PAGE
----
Backpacking trips come in many shapes and sizes. A hike can look like anything from a quick overnight with a light pack to a multiday trek under a heavy load. And just as no two trips are alike, no two hiking boots are alike—even if they look similar on the outside. The Mammut Sapuen High GTX and the Vasque Breeze LT GTX are both top-notch boots. But while they may seem outwardly similar—each has a slightly narrower, more nimble last than a traditional boot, a mid-cut ankle cuff, a robust midsole, a synthetic upper, and weighs less than 2 pounds per pair—they’re best-suited for different niches of hikers, hikes and terrain. We put them up against each other so you can decide which is right for you.
Vasque Breeze LT GTX
The Breeze LT GTX ($180) is the latest entry in Vasque’s storied Breeze line, known for out-of-the-box comfort and versatility. Where the LT sets itself apart from its predecessors is in its lightweight, nimble trail feel. While it’s slightly heavier than the Sapuen (a pair comes in at 1 lb. 11 oz.), the Breeze LT strides more like a trail running shoe than a mid-cut hiking boot. Made mostly of microfiber and mesh, it’s also breathable (even with a waterproof/breathable Gore-Tex membrane). On the Sawtooth, a ridge that connects Colorado Fourteeners Mt. Bierstadt and Mt. Evans, this boot felt agile and and secure (thanks to a Vibram Megagrip outsole) even when traversing scrambly, exposed third-class terrain. During a 30-mile backpacking trip in the Indian Peaks Wilderness, the soft EVA midsole had no issue with a 40-pound pack. The caveat: This trail wasn’t nearly as rugged as the Sawtooth, which required only a daypack.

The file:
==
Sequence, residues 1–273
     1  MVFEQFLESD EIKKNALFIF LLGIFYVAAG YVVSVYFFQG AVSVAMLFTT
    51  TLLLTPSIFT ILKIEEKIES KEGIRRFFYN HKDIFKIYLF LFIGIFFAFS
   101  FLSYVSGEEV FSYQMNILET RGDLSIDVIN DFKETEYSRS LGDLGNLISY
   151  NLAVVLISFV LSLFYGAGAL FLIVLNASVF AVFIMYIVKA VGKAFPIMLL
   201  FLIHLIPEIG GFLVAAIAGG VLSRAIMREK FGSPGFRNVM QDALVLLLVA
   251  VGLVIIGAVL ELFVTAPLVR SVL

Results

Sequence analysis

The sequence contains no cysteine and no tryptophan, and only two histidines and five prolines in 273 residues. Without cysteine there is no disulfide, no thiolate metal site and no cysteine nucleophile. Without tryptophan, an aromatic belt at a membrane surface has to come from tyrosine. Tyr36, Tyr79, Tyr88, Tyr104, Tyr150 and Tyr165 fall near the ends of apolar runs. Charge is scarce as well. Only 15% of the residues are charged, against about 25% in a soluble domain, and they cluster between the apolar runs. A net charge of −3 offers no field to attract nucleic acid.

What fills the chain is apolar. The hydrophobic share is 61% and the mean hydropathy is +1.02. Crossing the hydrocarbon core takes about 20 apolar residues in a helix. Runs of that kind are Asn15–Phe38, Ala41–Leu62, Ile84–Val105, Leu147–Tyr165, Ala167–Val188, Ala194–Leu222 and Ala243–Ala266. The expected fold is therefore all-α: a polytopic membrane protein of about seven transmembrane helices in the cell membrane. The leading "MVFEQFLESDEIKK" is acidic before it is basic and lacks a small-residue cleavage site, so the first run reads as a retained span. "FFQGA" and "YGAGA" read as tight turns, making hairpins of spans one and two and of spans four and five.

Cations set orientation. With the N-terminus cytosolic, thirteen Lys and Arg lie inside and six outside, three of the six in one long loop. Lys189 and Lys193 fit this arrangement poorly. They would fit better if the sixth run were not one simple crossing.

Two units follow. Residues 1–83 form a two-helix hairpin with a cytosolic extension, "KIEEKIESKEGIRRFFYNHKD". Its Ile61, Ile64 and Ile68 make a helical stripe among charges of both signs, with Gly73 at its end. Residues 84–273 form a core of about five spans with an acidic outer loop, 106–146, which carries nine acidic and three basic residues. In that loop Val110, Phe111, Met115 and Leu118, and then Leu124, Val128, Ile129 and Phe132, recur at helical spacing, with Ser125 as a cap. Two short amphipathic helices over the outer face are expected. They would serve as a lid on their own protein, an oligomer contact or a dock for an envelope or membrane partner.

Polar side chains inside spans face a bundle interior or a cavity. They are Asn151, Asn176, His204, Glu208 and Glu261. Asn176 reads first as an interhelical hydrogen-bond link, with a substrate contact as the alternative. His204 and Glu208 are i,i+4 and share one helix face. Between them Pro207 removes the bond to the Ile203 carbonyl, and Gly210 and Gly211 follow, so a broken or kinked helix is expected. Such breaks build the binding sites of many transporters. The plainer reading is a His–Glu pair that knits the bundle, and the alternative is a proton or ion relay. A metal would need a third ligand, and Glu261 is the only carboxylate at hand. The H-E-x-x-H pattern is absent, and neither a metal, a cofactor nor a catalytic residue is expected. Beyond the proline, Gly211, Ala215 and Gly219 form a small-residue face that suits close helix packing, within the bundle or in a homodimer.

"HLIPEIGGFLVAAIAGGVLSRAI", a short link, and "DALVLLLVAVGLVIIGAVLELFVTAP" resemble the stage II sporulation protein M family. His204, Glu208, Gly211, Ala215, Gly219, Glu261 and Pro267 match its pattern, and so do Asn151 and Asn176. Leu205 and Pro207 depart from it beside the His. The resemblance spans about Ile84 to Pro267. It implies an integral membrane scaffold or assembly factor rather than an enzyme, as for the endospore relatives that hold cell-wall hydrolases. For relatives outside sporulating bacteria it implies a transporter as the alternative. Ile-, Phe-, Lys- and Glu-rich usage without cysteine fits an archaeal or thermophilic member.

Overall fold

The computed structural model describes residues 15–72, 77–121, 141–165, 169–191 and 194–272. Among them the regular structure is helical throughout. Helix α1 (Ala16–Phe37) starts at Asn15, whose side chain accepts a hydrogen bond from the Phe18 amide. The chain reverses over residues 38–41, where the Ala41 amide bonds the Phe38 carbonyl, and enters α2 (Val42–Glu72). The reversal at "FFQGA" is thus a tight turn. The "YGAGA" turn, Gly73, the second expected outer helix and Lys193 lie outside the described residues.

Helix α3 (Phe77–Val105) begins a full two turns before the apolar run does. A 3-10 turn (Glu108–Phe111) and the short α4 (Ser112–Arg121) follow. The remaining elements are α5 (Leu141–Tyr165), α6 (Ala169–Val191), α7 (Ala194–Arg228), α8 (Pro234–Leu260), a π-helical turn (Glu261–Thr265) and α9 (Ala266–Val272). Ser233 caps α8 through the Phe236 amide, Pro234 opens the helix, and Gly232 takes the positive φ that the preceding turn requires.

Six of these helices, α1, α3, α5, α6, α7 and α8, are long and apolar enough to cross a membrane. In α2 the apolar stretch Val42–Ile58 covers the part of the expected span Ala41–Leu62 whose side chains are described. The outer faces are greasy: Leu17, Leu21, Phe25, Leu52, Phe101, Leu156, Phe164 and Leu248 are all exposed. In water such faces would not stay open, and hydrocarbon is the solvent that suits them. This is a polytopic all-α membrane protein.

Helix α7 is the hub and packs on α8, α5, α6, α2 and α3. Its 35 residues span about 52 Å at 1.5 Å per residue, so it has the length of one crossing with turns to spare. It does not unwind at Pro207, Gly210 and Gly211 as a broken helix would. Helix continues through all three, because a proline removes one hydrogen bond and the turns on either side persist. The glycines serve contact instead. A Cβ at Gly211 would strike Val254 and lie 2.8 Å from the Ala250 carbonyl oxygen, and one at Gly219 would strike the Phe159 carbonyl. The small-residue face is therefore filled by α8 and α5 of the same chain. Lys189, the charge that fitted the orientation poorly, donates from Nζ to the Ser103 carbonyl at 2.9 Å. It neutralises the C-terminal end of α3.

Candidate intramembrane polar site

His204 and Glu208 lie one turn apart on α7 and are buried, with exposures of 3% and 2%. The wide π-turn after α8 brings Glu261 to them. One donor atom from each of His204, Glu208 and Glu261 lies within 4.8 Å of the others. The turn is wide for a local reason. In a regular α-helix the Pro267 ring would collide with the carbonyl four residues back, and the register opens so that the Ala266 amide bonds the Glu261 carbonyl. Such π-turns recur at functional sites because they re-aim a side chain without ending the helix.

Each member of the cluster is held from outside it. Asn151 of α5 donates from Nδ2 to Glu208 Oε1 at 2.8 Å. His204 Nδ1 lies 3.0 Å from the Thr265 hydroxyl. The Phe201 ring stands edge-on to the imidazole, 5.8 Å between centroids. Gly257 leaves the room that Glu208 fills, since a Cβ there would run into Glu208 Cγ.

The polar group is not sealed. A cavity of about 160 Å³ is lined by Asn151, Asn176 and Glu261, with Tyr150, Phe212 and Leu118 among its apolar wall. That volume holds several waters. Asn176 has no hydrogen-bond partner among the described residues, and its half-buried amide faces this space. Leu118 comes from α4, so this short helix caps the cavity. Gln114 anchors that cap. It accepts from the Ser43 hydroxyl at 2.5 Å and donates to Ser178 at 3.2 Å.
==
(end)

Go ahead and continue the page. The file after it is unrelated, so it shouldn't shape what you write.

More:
Dayhikes and short overnights are where the Breeze LT truly shines. It can handle a heavier load on easier trails, and especially on hot days, you’ll never want to sacrifice the Breeze LT’s, well, breeziness. Those spending a lot of time in the desert or warmer climates should consider it for it’s breathability alone. But with more weight or on a trail where ankle support becomes more important, it might let you down. Their only other ding (not a major surprise for the Breeze line, either) is the LT’s durability: The rubber rand as well as the mesh became unglued in spots after a season of use.
Mammut Sapuen High GTX
Look closely from the outside and you can already start to see some of the ways the Sapuen High GTX ($189) differentiates itself from the Breeze LT. Its beefy over-the-toe rand stands up to rough treatment on the trail, as does the thicker Vibram outsole and firmer EVA midsole. The Sapuen’s upper also contains more leather and less mesh. The result is a boot that can handle bigger loads in sketchier terrain, keep your ankle in place, and not wear down your joints. Our primary testing ground for the Sapuen was Montana’s East Rosebud Trail, a rugged and rocky route through the Beartooth Mountains. The boots were light on our tester’s feet (1 lb. 3 oz.) but easily handled a 45-pound pack along loose sidehills above lakes, precarious routes around waterfalls, and more. What you can’t see is the corrugated sheet of steel which serves as both a rock plate and a shank, keeping the boot from twisting without sacrificing flex. The leather upper required a very brief break-in to loosen up but made our testers feel a little more confident that they weren’t going to twist an ankle in less straight-forward terrain. And a (relatively) small mesh panel did a surprisingly good job of dumping heat on warmer days.
The Sapuen is a true do-it-all backpacking boot, boasting great support with a surprisingly low weight and high comfort. But where the boots really shine is when you need load-carrying capability on more technical terrain.